Sunday, July 30, 2006

Ble Mae'r Gymraeg, Somerfield?

In general I don’t like supermarkets for a variety of reasons. But yesterday I decided to shop at the new Somerfield store in Prestatyn. I was disappointed. Not once did I see a single word of Cymraeg anywhere in the store. It’s a real shame because in most respects it’s an improvement on Kwikies (which Somerfield recently sold-off); the layout is massively improved, the prices are reasonable, and there’s a better selection of produce. So why the lack of Cymraeg?

Contrast this with the new Tesco store in Rhuthun. It’s still not open but according to Alun Pugh the store is “keeping its promises in relation to stocking Welsh produce and using the Welsh language... Tesco will clearly identify tills operated by bilingual staff, and all staff who speak both languages will carry a badge to this effect.”

Kwikies had Cymraeg signage. So too does Sainsbury’s in Rhuddlan, and Tesco in Abergele. So what’s the problem with Somerfield then?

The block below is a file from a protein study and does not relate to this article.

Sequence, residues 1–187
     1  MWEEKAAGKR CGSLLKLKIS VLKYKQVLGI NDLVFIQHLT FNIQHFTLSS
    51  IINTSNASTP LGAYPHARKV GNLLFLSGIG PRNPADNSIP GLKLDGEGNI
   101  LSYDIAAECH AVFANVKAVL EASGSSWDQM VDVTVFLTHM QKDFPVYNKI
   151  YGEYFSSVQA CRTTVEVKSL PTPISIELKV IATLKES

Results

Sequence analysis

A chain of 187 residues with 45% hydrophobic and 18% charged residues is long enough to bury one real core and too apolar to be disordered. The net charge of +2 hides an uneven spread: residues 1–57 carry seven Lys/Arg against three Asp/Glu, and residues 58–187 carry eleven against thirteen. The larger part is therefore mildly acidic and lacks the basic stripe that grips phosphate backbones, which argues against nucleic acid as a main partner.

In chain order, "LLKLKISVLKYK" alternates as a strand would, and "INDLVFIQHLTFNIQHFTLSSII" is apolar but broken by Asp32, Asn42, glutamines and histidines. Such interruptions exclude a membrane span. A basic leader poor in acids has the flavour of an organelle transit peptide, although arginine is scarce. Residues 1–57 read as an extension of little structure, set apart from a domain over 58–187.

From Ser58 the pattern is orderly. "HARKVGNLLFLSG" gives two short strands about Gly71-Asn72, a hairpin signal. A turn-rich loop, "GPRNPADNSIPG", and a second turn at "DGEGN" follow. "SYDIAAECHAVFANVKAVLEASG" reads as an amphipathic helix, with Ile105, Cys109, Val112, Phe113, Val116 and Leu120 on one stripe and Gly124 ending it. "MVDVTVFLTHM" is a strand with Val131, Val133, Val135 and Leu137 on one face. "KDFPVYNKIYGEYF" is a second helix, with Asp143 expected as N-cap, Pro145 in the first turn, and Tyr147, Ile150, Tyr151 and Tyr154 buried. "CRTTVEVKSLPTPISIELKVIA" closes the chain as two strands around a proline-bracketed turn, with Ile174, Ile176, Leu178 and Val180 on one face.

Thankfully, supermarkets aren’t the be-all and end-all of Cymraeg; it can survive and thrive with or without them. But that’s not the point. Cymraeg should be a natural part of their everyday business. There’s no getting away from the fact that even the ‘borderlands’ are bilingual, not monolingual.

No matter where you are in Cymru, Cymraeg is the national language and it’s being spoken by an increasing number of people. Somerfield and other large stores should recognise this!


At 11:55 AM, Blogger Independence4Celts said...

Damn right. A New Welsh Language Act is what we need. All large businesses in Wales should be bilingual, it's a shame they're in english in the first place. Plaid, the Tories and Libs have agreed on a new Act, but unfortunately Labour hasn't.
I was dissapointed though went I went to my tesco Extra in Caerdydd and saw that their Health and Beauty section is only in english now, where as it was bilingual; and that the smaller Tescos are not really bilingual. It's time for a change.


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